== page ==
Ever since man has waged war, he has sought to unleash devastation on his enemy en masse. No conventional weapon is more capable of delivering mass destruction than artillery. Early artillery were large projectile weapons intended to destroy enemy fortifications (walls, castle turrets & ramparts), like the stone catapult or ballista (heavy mounted crossbow). These heavy weapons were effective against fortresses during medieval times, when armies engaged one another in fierce melee combat. In modern artillery, there are three main categories: Mortars, Howitzers, & Guns.
Mortars are the simplest of the three main artillery types; being short-barreled (in relation to their calibre) and muzzle-loaded only for the most part. They have smoothbore barrels and a fixed firing pin located within the base-plate. The explosive projectile that mortars fire are called “bombs”, contrary to the commonly-used “shell”. Mortar bombs are caseless munitions as cartridge cases prevent them from being dropped down the muzzle. These bombs have self-contained propellant charges in the base of the munition (where the fins are located), which ignite upon impact with the firing pin. Another distinct characteristic of mortars is that they possess a steep firing angle of 45-85 degrees of elevation, with the near-vertical angle used for landing bombs at close range. Mortar bombs usually have thinner walls than artillery shells due to their relatively low muzzle velocity and lack of spin. This enables the bombs to be filled with a larger payload volume; a 120mm mortar bomb produces enough explosive force to equal a 155mm howitzer shell, resulting in the same or even wider kill radius as a heavy artillery piece. Within the mortar category of artillery pieces, there are three classes of mortars, each grouped by calibre. Light mortars are usually 60mm in calibre, while medium mortars are either 81mm or 82mm (81mm being standard calibre in NATO militaries, and 82mm in post-Soviet Union militaries), with heavy mortars being 120mm. Light and medium mortars are man-portable support weapons, while heavy mortars are usually transported or mounted on vehicles. Compared to their larger cousins, mortars are more effective at supporting infantry units due to their portability and ability to engage enemies behind cover or at a lower altitude due to their steeper elevation.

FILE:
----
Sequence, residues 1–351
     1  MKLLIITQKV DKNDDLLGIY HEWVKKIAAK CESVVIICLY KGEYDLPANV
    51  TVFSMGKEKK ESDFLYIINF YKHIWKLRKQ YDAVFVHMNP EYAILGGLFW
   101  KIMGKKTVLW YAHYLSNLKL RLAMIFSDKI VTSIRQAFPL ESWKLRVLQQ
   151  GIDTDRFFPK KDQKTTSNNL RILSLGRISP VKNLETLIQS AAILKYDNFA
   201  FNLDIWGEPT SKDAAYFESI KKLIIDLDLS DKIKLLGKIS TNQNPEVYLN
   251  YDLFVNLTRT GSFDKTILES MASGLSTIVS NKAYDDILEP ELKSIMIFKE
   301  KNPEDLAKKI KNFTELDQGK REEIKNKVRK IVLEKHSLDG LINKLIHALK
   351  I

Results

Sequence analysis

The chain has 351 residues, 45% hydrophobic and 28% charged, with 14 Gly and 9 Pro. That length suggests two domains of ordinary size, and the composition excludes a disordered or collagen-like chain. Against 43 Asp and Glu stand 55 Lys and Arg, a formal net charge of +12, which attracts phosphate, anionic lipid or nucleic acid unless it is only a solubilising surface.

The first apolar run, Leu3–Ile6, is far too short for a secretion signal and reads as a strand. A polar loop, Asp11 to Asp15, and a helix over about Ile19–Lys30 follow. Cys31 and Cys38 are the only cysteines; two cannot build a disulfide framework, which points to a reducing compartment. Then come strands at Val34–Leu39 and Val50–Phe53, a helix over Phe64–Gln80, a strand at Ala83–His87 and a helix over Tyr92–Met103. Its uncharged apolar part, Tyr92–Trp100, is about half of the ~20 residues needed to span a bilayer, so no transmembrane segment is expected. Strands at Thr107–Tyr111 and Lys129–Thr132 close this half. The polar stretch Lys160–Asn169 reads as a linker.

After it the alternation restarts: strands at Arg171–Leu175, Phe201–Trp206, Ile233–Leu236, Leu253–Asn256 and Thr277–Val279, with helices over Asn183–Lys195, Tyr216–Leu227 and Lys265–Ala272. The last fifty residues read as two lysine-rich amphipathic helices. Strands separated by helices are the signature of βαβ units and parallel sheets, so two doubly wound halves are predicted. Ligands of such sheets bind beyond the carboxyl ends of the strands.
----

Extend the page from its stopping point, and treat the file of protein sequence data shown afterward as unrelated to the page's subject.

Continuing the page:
Howitzers are perhaps the most flexible of the three artillery types, and are categorised as the middle class. Howitzers possess considerably longer barrel lengths than mortars, but shorter than artillery guns. Historically, they had smoothbore barrels and were muzzle-loaded, like other early firearms. Modern howitzers have rifled barrels and are breech-loaded; they may be towed by a dedicated vehicle, transported by heavy-lifting aircraft (heli-portable/airlift plane), or even self-propelled (tracked or wheeled carriage powered by diesel engines). Howitzers have two distinct characteristics: Firstly, they use multiple propellant charges for engaging targets at different ranges. Secondly, they possess a firing angle between 20-70 degrees of elevation. Unlike other artillery pieces, howitzers are the only type wherein the shell is separate from the propellant. The solid propellant consists of nitrocellulose-based powder charges (usually combined with nitroglycerin to form a double-based propellant), which are held in waterproof bags to be loaded directly behind the shell in the breech prior to firing. The primer is located in the breech itself and is usually struck by a spring-loaded firing pin (striker). Once loaded, the breech is closed and locked, and the striker is released to fire the projectile. Apart from mechanically-ignited primers, modern howitzers may also use electric and laser ignition in their breech-blocks. Modern howitzer calibres include 105mm, 127mm (5-inch diameter), and 155mm for NATO militaries, while post-Soviet militaries employ 122mm, 130mm, and 152mm calibres. Notable historic examples are the American M114 155mm-calibre towed howitzer and the super-heavy 80cm K (E) railway cannons developed by Nazi Germany (weighing 1350 tons, and had to be moved on twin railroads).